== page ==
Michigan’s two peninsulas touch four of the five Great Lakes and Lake St. Clair so it is no wonder that it is known as the Great Lakes State. Michigan has 3,288 miles of Great Lakes shoreline and more than 11,000 inland lakes and 300 named rivers, giving it the longest freshwater shoreline in the world. With 38,575 square miles of Great Lakes water and 1,305 square miles of inland water, almost 41% of the state is covered by water.
What is Michigan’s maritime heritage?
The Great Lakes have functioned as transportation highways for hundreds if not thousands of years. The earliest known people to have lived in Michigan were Paleo-Indians between 2,000 and 9,000 years ago. When French explorers and settlers arrived in the 17th century, they found Algonquian tribes living in the area. The French built forts in strategic locations around the Great Lakes, as did the British and, later, the Americans, and a number of naval battles were waged on the Great Lakes. The tonnage of Great Lakes shipping increased dramatically when the Erie Canal was finished in 1825, connecting the Great Lakes to the Atlantic Ocean. Michigan has about 150 lighthouses, more than any other state, along its shores and islands of the Great Lakes.
What sites are underwater?
The waters of the Great Lakes can be treacherous for ships that get caught in unexpected storms, crushed by ice, and run aground or collide with other vessels in foggy conditions. An estimated 6,000 ships have been lost on the Great Lakes with about one-third of them in the waters of Michigan. There are more than 1,400 known shipwrecks recorded in Michigan’s waters. The cold temperatures and freshwater of the lakes keeps these wrecks and their contents well preserved as if they sank yesterday.
More than 200 shipwrecks are located in the state’s network of underwater preserves. They include wooden schooners, side-wheel steamers, steel bulk freighters, tugboats, and commercial fishing vessels. There is at least one yacht, a fighter jet, a U.S. Coast Guard cutter, and submerged piers. Some of the wrecks are intact and sitting upright while others are broken up with pieces scattered on the lake bottom. Many of the sites are in shallow water and some are marked with interpretive signs.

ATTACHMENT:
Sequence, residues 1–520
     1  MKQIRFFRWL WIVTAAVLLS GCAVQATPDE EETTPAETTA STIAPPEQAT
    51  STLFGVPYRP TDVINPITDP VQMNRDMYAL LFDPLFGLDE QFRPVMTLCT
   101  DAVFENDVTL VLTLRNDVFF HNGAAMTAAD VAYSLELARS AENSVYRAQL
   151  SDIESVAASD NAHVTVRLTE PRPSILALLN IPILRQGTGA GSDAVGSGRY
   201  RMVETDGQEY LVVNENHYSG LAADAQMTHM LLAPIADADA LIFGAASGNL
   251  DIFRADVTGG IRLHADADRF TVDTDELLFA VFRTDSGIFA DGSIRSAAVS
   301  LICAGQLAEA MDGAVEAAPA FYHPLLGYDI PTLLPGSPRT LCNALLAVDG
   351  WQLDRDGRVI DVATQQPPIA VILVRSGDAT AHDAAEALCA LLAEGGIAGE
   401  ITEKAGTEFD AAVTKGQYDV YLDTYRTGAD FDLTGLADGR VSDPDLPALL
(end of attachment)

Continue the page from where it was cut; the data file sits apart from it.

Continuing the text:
Who takes care of Michigan's underwater archeological sites?
Three government agencies in Michigan share responsibility for taking care of the state’s underwater archeological sites. These agencies work closely with volunteer groups and businesses, especially scuba divers, charter boat operators, and tourism destinations, to accomplish their mission.
The Department of History, Arts and Libraries records, investigates, evaluates, interprets, and protects the state’s archeological heritage. It accomplishes this through the Office of the State Archaeologist in the Michigan Historical Center. The Department of Environmental Quality administers the underwater preserves program and regulates the recovery and use of submerged cultural resources. The Department of Natural Resources enforces safe-boating and anti-theft laws.
What permits do I need to study shipwrecks?
You do not need a permit to search for, dive on, explore, or photograph a shipwreck site as long as no artifacts are disturbed and nothing is recovered. You do need a permit for activities that involve moving artifacts, recovering objects, or placing anything on the site. Permits are issued jointly by the Department of Environmental Quality and the Department of History, Arts and Libraries following public notice and comment by the Underwater Salvage and Preserve Committee. Artifacts of historical value recovered under a permit must be available for viewing or study in a public setting like a museum. Anyone who finds a shipwreck is asked to report it to the Office of the State Archaeologist.
Are there any underwater parks in Michigan?
Michigan has a network of underwater preserves that include about 2,700 square miles of Great Lakes bottomlands. Most preserves have dive charter services and many are accessible from shore. While the main attractions in the preserves are wrecks of ships of the 1800s and 1900s, some interesting underwater geologic formations and historic dock ruins are also popular dive sites. The preserve at Thunder Bay is jointly managed by the state and the federal government as the Thunder Bay National Marine Sanctuary and Underwater Preserve.
What laws concern underwater archeology in Michigan?
Michigan’s laws about archeology and abandoned property, including underwater sites and underwater preserves, are contained in Part 761 Aboriginal Records and Antiquities, §324.76101, et seq., of Public Act 451 of 1994, as amended, in the Michigan Compiled Laws. This law directs the state to manage shipwrecks and other submerged cultural resources on the bottomlands of the Great Lakes for the benefit of its citizens. The state protects these publicly owned resources as elements of Michigan’s and the nation’s history and for the enjoyment of future generations.